Auckland – The Australian and New Zealand College of Anaesthetists has taken the unprecedented step of writing to federal, Victorian and NSW health ministers, raising serious concerns that essential covid protecting N95 mask fit testing has not been carried out at all hospitals in Australia.
The college is very concerned about this, the chair of the college’s safety and quality committee Professor David Story says.
One Melbourne hospital recently fit-tested a group of their staff and found half of them were unwittingly wearing masks that did not properly seal.
Pharmaceutical scientist Sir Ray Avery says things are even worse in New Zealand.
“At least the Australian frontline healthcare workers are being issued with the correct N95 respirator masks and some fit testing is occurring but in New Zealand the situation is dire,” he says.
In New Zealand, the Ministry of Health (MOH) is recommending the use of surgical masks rather than N95 respirators when treating covid infected patients, as the primary PPE for the prevention of covid transmission from patients to caregivers and caregivers to patients.
“The MOH says their guidelines are based on the World Health Organisation (WHO) recommendations but the WHO is not an international regulatory body.
“However, the US Food and Drug Administration, which is the gold standard global regulatory organisation ,says surgical masks are fluid-resistant, disposable, and loose-fitting devices, which create a physical barrier between the mouth and nose of the wearer and the immediate environment.
“They are for use in surgical settings and do not provide full protection from inhalation of airborne pathogens, such as viruses.
“Conversely, N95 respirators are personal protective equipment that tightly fit the face and filter airborne particles to protect health care workers. They provide a higher level of protection against viruses and bacteria when properly fit-tested.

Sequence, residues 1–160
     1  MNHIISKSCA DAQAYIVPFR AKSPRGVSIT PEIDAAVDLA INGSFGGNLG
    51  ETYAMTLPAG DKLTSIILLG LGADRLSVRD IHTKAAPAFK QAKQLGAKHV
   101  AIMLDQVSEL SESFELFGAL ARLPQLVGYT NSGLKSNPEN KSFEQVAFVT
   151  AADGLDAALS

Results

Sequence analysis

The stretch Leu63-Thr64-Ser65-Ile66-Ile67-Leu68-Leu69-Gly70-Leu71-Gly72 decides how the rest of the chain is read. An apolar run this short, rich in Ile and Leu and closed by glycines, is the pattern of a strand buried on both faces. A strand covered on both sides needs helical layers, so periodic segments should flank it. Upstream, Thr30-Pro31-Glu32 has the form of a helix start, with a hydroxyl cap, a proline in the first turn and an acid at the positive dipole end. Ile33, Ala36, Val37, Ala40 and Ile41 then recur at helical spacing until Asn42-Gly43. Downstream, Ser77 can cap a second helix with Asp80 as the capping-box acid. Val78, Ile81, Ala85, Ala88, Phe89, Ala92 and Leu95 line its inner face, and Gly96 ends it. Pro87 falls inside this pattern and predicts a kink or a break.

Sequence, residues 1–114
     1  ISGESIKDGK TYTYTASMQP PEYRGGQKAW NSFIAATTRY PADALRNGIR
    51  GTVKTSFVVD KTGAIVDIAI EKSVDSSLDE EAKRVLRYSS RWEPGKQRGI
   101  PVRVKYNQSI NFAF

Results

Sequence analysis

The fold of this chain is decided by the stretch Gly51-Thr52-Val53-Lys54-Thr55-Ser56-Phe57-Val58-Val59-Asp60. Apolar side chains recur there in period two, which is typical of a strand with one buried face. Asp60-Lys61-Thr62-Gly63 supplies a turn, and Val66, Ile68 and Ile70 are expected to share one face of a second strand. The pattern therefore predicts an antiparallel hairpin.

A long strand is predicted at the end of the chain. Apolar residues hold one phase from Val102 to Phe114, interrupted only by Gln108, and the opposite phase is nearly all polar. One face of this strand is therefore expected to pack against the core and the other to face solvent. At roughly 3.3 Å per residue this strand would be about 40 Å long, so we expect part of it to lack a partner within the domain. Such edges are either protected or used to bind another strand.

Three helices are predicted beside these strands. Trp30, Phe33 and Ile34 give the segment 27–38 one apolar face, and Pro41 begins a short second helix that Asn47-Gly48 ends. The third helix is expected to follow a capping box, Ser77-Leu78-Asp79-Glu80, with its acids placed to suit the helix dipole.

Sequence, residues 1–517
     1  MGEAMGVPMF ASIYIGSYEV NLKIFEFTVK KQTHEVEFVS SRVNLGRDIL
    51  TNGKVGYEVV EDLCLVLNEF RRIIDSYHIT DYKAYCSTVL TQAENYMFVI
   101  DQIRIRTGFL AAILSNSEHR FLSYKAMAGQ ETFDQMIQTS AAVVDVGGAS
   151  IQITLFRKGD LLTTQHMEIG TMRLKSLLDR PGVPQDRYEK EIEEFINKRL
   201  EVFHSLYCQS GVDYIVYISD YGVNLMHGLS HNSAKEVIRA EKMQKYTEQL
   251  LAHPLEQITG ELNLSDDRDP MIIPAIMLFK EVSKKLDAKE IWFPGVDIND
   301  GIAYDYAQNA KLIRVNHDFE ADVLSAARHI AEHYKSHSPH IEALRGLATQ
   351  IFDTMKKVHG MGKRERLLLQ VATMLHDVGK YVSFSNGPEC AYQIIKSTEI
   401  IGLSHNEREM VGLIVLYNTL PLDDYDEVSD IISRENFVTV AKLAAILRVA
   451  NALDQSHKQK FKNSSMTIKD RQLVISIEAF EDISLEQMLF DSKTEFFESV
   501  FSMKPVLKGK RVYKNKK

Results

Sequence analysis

“So, the MOH and our district health boards are asking our frontline healthcare workers to wear PPE that will not protect them from covid infections.
“It gets much worse because even when frontline nursing staff in New Zealand are issued with N95 respirator masks they claim that they have never ever been subject to WorkSafe standards annual N95 fit testing, which is a legal requirement.
“I have contacted clinical and nursing staff at three separate DHBs and they said they have never had a mask fit test. I have asked the MOH to advise what percentage of frontline healthcare workers have received mask fit testing, but they have not responded.
“The strategy for containing covid was predicated on the premise that we wanted to prevent our hospitals from being overwhelmed by an influx of covid patients.
“We are failing to provide our frontline healthcare workers with the correct PPE and mandatory mask fit testing to prevent hospital acquired covid infections.
“I would like to see a commission of inquiry into the lack of PPE fit testing across all DHBs for the safety of frontline healthcare workers.”
For further information contact Make Lemonade editor-in-chief Kip Brook on 0275 030188